I think that the site looks great. I would love to help you get your Facebook following up to repay you guys for all you’ve done for us with our Twitter, but we still haven’t ever even mad a Facebook page and are fairly certain that when we finally get on there it will officially mark the end of it being cool. Sorry!

    • OMG — If that story had happened to us, I would just be sad that I’d missed the bear! We have a neighborhood bear that has wreaked much havoc in our garage and compost, and we’ve NEVER SEEN HIM!! (or her, to be fair) :-)

      Thanks for the FB offer. :-) And no worries! Eager for your September update whenever you can share it. Hope you guys are doing well!

  10. Liked on Facebook! :)

    I suppose I feel most grown up when I realize I no longer need external validation about my decisions. Sure, I’ll take a compliment. But I don’t make my decisions to please other people. Great post!

    • Thanks for the FB like! :-) Great point — I do think no longer needing external validation is a hallmark of being grown-up, and is a fairly new thing for us.

  11. I so do NOT feel like an adult… LOL! Every once in a while, when I have a couple days where I keep on top of things around my house and at work, I think “hey, maybe I’ve got this being an adult thing figured out!” And then things come tumbling back down and I realize that was just a fluke.

    • Haha — we definitely feel you on that! :-) I don’t think being a grown-up means having everything under control at all times…. because if it does, we’ll never be grown-ups!

  12. I often feel like I am not grown up at all! I have to remind myself that I’m heading into my mid-thirties. Though, admittedly, nowadays I’m pretty responsible and all of that stuff, but still, it feels like I was in college just yesterday. Nice redesign on the site.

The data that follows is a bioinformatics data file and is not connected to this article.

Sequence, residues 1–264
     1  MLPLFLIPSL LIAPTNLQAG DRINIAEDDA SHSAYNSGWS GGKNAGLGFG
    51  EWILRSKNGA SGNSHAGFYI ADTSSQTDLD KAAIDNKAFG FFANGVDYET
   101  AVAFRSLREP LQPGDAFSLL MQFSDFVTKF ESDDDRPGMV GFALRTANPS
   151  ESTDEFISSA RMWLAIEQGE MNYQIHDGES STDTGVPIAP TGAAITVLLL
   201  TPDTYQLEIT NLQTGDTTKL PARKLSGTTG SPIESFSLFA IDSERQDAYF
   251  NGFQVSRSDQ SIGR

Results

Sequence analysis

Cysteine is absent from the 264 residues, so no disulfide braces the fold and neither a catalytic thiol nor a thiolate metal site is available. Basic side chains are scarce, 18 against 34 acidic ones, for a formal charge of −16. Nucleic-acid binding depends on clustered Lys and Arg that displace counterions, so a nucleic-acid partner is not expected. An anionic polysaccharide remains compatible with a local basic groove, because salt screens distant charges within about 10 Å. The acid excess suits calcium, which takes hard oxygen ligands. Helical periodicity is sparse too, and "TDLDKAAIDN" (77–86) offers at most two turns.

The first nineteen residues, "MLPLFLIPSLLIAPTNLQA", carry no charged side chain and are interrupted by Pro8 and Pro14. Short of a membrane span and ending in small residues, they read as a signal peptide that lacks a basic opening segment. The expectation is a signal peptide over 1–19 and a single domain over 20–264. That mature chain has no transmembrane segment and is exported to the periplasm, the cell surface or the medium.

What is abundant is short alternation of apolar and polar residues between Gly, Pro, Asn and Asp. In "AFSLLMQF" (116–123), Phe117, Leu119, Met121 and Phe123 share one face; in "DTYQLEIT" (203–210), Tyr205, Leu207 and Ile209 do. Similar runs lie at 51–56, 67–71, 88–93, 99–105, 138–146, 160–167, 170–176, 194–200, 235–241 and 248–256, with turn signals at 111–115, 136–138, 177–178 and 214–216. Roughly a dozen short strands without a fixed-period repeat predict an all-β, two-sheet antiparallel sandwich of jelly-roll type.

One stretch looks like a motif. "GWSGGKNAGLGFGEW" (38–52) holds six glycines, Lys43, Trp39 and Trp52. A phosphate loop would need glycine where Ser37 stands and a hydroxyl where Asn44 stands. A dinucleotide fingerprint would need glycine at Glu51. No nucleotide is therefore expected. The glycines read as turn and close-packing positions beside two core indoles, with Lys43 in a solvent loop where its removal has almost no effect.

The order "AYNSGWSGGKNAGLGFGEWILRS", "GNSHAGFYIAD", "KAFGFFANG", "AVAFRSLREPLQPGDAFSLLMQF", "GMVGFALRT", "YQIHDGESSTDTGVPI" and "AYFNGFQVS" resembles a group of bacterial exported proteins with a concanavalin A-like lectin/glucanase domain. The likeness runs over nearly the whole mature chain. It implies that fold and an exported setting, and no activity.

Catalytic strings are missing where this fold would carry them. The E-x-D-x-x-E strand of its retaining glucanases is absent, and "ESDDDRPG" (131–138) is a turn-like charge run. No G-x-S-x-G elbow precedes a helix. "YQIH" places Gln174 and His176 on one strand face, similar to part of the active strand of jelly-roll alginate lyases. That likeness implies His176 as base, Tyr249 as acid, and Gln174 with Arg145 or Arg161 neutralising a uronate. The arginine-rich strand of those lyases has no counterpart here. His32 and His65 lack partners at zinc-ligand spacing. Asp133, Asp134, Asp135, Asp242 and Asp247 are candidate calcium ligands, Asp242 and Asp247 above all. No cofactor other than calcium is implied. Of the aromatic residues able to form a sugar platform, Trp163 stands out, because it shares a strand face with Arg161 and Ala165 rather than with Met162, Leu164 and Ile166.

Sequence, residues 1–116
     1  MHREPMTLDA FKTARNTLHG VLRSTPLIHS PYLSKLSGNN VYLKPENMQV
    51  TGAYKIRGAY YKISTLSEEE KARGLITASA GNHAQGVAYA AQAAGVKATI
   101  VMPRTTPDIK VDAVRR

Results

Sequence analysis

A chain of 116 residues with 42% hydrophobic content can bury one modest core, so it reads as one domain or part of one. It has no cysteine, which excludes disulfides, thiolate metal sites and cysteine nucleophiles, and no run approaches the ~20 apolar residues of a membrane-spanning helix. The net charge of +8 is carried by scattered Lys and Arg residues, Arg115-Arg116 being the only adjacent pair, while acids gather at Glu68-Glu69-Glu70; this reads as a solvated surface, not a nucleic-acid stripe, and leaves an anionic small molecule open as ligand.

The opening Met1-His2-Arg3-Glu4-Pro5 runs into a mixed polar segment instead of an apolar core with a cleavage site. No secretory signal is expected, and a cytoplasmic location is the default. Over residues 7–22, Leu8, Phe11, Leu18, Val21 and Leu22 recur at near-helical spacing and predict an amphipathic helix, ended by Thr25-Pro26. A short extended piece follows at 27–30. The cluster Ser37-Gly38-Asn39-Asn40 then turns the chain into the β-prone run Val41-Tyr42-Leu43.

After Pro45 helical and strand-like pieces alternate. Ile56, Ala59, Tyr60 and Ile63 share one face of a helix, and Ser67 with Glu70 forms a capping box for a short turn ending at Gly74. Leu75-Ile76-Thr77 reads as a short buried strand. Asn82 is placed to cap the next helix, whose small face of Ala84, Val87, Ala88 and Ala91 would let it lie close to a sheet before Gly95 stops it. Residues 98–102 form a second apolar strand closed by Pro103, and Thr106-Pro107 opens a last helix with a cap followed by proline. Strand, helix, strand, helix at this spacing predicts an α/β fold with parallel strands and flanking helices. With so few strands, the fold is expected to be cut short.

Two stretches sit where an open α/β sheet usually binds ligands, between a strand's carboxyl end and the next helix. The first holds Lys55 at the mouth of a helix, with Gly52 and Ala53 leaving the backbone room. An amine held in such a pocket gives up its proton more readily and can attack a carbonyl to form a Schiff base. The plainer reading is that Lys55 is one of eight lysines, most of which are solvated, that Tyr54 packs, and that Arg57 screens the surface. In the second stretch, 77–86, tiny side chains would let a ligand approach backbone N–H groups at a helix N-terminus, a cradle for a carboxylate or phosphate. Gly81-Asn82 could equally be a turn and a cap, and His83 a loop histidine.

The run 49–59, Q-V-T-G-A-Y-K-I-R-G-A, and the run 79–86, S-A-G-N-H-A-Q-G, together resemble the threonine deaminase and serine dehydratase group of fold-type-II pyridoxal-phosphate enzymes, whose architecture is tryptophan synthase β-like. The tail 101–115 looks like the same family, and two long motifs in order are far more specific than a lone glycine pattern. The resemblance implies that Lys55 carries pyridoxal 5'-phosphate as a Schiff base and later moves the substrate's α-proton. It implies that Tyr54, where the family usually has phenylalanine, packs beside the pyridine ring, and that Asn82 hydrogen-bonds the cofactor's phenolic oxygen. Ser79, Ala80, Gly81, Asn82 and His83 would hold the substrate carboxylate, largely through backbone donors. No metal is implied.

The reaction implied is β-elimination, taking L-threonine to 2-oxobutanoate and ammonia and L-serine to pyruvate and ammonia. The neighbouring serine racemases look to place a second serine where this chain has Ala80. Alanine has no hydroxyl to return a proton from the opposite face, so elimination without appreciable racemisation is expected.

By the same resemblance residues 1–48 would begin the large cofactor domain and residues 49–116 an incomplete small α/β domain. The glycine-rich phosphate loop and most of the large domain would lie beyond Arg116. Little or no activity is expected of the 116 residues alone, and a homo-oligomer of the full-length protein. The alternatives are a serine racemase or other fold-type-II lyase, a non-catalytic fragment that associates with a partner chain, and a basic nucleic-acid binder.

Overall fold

• Thanks for the site note! We mostly feel the same way, and felt exactly the same way until just this year. And even as now self-proclaimed grown-ups, we’re still basically kids. :-)

  13. I definitely seem to feel more like an adult lately and it’s bumming me out. I think between the more difficult commute, kids being cranky (or just being kids as Mrs. SSC points out) and just dealing with the day to day stuff of life, I think adult-ness is trying to grab hold of me! Gah!!!!!

    That being said, I think your first paragraph sums it up perfectly for me. I still see everyone around me as people just trying to figure it out. Like when our new CEO got announced, our old one said she was super excited for a second and then looked like a dog that finally caught a car. A “Yeah, I made it!” followed by “Oh Sh!t, I made it…Now what?” Hahaha It affirmed my belief that most people in general are still trying to figure it out, the ones that get moved ahead have also figured out confidence and they back it up with good work. I remind myself that a LOT at everything. Having kids helps keep the wonder and excitement alive in life because they say and do some of the craziest most oddball stuff that just cracks me up.

    As far as facebook, I could like you as my Clark Kent personality, but we haven’t gone there yet with SSC. Our foray into the Twitter-verse has been challenging enough to try and be active with and all that. Good luck though!